Jo Ingles

Journalist/Producer

Contact Jo Ingles at jingles@statehousenews.org.

Jo Ingles covers politics and Ohio government for the Ohio Public Radio and Television Statehouse News Bureau. She reports on issues of importance to Ohioans including education, legislation, politics, and life and death issues such as capital punishment.

After working for more than a decade at WOSU-AM, Jo was hired by the Bureau in 1999. Her work has been featured on national networks such as National Public Radio, Marketplace, the Great Lakes Radio Consortium and the BBC. She is often a guest on radio talk shows heard on Ohio’s public radio stations. In addition, she’s a regular guest on WOSU-TV’s “Columbus on the Record” and WBNS-TV's "Face the State". Jo also writes for respected publications such as Columbus Monthly and Reuters News Service.

She has won many awards for her work across all of those platforms. She is currently the president of the Ohio Radio and TV Correspondents Association, a board member for the Ohio Legislative Correspondents Association and a board member for the Ohio Associated Press Broadcasters. Jo also works as the Media Adviser for the Ohio Wesleyan University Transcript newspaper and OWU radio.

Ways to Connect

Ohio Medical Marijuana Control Program

It appears the state’s new medical marijuana bill has cleared a hurdle. A public university has stepped forward to volunteer to serve as the state’s medical marijuana testing laboratory. 

July 2017
Andy Chow

After joining the House in voting to override six of Gov. John Kasich’s budget vetoes last month, the state Senate was expected to come back this week to consider overriding more. But the Senate has canceled its planned session. 

Jo Ingles

There’s a new scam that is prompting Ohioans to give personal information, thinking they are providing it to the health department. But that’s not the case.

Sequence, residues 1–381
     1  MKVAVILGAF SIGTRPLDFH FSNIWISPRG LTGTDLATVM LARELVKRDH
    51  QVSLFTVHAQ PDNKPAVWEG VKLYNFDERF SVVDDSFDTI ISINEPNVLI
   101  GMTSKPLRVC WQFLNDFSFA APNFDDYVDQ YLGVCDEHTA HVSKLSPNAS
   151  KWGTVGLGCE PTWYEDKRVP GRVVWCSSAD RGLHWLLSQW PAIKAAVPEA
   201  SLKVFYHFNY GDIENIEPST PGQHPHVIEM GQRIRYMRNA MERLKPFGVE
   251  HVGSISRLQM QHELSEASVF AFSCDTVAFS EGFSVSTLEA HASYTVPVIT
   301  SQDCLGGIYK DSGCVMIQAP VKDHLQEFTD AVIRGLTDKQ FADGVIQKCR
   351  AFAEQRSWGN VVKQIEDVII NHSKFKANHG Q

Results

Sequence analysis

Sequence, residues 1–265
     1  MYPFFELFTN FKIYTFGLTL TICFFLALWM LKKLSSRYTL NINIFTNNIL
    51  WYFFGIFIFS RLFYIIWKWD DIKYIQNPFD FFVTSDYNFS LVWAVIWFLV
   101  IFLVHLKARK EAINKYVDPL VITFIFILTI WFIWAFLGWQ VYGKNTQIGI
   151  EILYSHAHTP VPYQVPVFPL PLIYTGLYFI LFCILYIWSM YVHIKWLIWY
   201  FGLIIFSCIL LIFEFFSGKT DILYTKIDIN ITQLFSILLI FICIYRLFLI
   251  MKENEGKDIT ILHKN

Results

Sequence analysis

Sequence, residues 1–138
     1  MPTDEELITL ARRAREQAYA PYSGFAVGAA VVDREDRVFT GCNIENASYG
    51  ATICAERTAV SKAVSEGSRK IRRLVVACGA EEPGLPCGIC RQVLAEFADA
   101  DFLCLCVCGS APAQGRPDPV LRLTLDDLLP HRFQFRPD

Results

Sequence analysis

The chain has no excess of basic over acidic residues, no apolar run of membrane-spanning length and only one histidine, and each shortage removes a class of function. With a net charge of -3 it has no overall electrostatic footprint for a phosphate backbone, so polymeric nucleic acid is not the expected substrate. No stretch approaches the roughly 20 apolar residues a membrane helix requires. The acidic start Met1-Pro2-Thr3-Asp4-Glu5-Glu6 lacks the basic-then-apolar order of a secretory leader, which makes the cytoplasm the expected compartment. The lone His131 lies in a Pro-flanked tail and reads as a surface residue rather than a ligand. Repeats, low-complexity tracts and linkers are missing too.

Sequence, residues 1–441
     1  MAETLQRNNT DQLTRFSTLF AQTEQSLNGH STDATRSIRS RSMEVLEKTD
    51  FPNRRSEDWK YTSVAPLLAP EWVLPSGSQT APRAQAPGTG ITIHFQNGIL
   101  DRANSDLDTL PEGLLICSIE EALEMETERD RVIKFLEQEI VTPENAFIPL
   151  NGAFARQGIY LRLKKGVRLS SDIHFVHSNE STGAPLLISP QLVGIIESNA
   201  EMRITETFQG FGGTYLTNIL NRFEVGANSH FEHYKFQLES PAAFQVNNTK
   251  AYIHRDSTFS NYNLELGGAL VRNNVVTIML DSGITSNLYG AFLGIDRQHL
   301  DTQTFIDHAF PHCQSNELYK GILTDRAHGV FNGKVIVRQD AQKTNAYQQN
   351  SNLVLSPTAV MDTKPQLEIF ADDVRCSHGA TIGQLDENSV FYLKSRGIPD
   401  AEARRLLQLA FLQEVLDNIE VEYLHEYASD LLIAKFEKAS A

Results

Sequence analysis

Ohio and Colorado's state websites

A new bipartisan health care reform proposal meant to stabilize the Affordable Care Act urges President Trump and Congressional leaders to take immediate action. The plan put forth by Republican Ohio Governor John Kasich and Colorado’s Democratic Governor, John Hickenlooper, is drawing praise from some other governors too. 

Columbus Metropolitan Club, August 2016
Dan Konik

A nationally syndicated tabloid talk show host whose roots are in Ohio could be entering the race for Governor next year. Jerry Springer has talked about politics before but there are now signs that he is seriously considering jumping into the race. 

Taken at 10 a.m., Wednesday August 30, 2017
Jo Ingles

If you need to fill up your car, you had better do it soon. Gas prices in Ohio are ready to spike up because of flooding caused by what was Hurricane Harvey in Texas.

Along Lane Avenue, Columbus, Ohio
Jo Ingles

With the school year starting and many controversial issues on the left and the right to discuss, debate and protest, people have been talking a lot about free speech on college campuses. Two conservative Republican state lawmakers have come up with a new bill that they say will ensure all points of view are represented at Ohio’s public universities. 

Rising sales of booze in the Buckeye State are leaving the state agency that oversees liquor thirsting for more operators. 

Common Cause Ohio
The State of Ohio - Ohio Public Television

When elected office holders run a campaign, they are required by law to keep their campaign staff and messages separate from their official communications. Elected officials who are running for governor next year are handling their social media in different ways – some creating totally new accounts, but some aren’t separating them at all. 

Healthcare.org website

The last county in the nation that didn’t have a private insurance company to choose from on the Affordable Care Act exchange was in Ohio. But now people in that northwest Ohio county have an option. 

A Monumental Debate

Aug 24, 2017
Dan Konik

Just last year, Ohio replaced one of the two statues representing the state in Congress’ Statuary Hall because of its subject’s views on slavery. The statue of Gov. William Allen, who served from 1874 to 1876, was replaced with one of Thomas Edison. But what happened to the Allen statue? That question is especially relevant now that monuments to historical people whose views are now considered controversial have been the focus of debate and even vandalism.